Economic news, good or bad, comes down to numbers, and in Illinois lately, the numbers have not been good.
According to the Illinois Department of Commerce and Economic Opportunity, Illinois lost 100,000 jobs in 2008. And the forecast for 2009 is even worse – a leading analyst at the University of Illinois projects a loss of 147,000 jobs this year.
There has been a great deal of debate in Washington recently about bailout bills and stimulus packages, and clearly, Illinois' economy could use a boost. Unfortunately, a bill now making its way through the state Senate in Springfield would do just the opposite, and rather than stimulating job growth, this legislation, if passed, could lead to a further hemorrhaging of jobs here.
This proposed legislation has become alternately known as the "Lawsuit Stimulus Package" and the "Trial Lawyer Bailout Bill" because it will encourage more people to file lawsuits and put more money into the pockets of personal injury lawyers. Specifically, Senate Bill 184 requires defendants in civil lawsuits to pay prejudgment interest on damage awards, and the clock starts ticking the moment the claim is filed. The legislation offers no reprieve for defendants when the plaintiffs' lawyers cause a delay.
The intention behind the bill is to intimidate and force defendants into an early settlement long before the facts of the case are fully known.
Illinois has long been known as an extremely lawsuit-friendly state, with a recent survey from the Harris polling company ranking Illinois 46th out of all 50 states for judicial fairness. Senate Bill 184 is designed to stimulate even more lawsuits here, and that's bad news for Illinois businesses and their employees.
While the proposed measure would be very good for plaintiff attorneys, it would hit Illinois citizens and employers square in the pocketbook. Ultimately this legislation is little more than a bailout for personal injury lawyers.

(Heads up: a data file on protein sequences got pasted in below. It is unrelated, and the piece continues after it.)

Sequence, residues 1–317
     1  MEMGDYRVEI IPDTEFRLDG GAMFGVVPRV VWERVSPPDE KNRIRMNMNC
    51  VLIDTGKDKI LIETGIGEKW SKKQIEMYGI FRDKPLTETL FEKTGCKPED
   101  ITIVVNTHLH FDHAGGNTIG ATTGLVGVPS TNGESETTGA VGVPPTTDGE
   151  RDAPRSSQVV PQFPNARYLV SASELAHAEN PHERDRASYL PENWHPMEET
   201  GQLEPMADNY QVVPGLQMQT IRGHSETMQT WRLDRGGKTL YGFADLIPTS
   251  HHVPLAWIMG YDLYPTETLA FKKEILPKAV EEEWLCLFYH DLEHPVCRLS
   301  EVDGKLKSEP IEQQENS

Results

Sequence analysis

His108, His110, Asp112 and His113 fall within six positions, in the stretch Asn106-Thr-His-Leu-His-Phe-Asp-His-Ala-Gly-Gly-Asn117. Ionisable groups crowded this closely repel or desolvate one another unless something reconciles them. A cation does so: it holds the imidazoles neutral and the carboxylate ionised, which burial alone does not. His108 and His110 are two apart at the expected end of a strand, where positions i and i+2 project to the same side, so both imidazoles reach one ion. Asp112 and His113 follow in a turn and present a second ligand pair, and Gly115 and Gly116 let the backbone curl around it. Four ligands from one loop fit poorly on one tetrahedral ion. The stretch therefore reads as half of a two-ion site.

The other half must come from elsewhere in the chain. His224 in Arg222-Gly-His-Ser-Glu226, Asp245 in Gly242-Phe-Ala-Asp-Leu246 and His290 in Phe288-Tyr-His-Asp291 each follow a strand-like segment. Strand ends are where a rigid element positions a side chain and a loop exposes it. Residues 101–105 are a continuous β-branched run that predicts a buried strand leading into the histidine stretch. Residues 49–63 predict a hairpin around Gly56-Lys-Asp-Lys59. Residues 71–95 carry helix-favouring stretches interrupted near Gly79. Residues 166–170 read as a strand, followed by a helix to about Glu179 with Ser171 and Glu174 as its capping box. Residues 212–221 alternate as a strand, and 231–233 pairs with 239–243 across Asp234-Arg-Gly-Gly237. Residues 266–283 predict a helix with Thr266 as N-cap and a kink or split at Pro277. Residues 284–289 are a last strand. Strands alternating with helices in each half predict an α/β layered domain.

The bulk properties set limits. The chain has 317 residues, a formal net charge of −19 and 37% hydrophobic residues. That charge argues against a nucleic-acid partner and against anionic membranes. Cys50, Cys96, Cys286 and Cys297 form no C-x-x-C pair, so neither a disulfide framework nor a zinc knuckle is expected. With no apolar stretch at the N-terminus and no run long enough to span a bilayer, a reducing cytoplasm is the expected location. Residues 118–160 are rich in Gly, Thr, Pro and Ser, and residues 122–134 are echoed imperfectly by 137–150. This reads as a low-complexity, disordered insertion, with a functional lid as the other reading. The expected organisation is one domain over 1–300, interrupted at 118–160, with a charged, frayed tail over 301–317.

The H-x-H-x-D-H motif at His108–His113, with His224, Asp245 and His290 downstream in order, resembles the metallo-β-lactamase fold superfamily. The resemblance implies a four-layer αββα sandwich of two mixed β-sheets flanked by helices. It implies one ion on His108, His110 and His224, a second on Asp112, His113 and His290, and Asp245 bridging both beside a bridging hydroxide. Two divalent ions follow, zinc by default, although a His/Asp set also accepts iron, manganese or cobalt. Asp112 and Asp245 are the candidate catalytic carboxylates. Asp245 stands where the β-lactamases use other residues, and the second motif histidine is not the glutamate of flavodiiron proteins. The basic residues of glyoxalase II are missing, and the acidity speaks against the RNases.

It truly boggles the mind to think that the personal injury lawyers and their allies in the General Assembly could have such disregard for the plight of Illinois working families. At a time when Illinois is shedding more than 100,000 jobs annually, shouldn't the Illinois Legislature be promoting policies to grow the economy instead of pushing legislation that most certainly will continue to shrink it?
Illinois legislators should take a long, hard look at the impact the "Lawsuit Stimulus" bill would have on struggling Illinois businesses and their employees. Every dollar paid out to trial lawyers in an unnecessary lawsuit settlement will mean fewer jobs and fewer opportunities for Illinois residents.
Passing this bill will strike yet another blow to any semblance of fairness in the Illinois legal system, further cementing Illinois' costly status as the "Lawsuit Capital of the Midwest" – not exactly an attractive title to companies looking to relocate or expand operations here.
Now is the time to stimulate job growth, not lawsuit growth. We need to stand together to keep Senate Bill 184 from becoming law. Log onto www.illawsuitabuseabusewatch.org and join the effort to stop this jobs-killing bill.